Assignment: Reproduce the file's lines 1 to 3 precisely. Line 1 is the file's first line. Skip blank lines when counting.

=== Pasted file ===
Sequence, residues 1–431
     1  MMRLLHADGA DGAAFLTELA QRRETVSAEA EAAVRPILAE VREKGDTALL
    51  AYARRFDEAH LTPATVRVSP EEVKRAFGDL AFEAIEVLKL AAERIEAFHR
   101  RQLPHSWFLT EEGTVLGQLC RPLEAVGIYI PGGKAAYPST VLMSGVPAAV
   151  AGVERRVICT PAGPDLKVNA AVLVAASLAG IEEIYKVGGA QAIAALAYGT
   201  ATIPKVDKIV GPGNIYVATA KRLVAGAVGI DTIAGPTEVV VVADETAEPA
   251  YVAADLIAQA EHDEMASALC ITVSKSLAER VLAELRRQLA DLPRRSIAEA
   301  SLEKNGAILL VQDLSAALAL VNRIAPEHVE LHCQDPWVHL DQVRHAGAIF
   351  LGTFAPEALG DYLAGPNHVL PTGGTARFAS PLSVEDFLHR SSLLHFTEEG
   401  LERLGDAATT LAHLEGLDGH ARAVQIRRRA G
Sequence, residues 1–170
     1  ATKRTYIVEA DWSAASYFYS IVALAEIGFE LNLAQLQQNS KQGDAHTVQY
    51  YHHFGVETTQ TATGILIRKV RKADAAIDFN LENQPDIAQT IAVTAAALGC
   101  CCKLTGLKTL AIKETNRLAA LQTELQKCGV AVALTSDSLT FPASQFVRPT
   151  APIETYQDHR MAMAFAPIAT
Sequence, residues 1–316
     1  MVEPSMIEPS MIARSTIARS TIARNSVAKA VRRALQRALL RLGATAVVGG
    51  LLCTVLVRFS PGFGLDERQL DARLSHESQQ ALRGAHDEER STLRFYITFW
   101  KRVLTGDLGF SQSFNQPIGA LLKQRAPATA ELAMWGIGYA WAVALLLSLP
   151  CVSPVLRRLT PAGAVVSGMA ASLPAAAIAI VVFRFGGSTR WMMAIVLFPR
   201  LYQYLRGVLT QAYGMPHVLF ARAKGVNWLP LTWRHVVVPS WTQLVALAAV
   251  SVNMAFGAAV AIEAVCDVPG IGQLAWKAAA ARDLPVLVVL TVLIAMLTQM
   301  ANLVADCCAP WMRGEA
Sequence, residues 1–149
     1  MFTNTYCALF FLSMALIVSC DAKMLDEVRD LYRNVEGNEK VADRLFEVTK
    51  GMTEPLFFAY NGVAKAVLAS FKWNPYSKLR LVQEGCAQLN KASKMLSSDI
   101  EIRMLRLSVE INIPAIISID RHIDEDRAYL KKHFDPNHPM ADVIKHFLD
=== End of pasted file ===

Sequence, residues 1–431
     1  MMRLLHADGA DGAAFLTELA QRRETVSAEA EAAVRPILAE VREKGDTALL
    51  AYARRFDEAH LTPATVRVSP EEVKRAFGDL AFEAIEVLKL AAERIEAFHR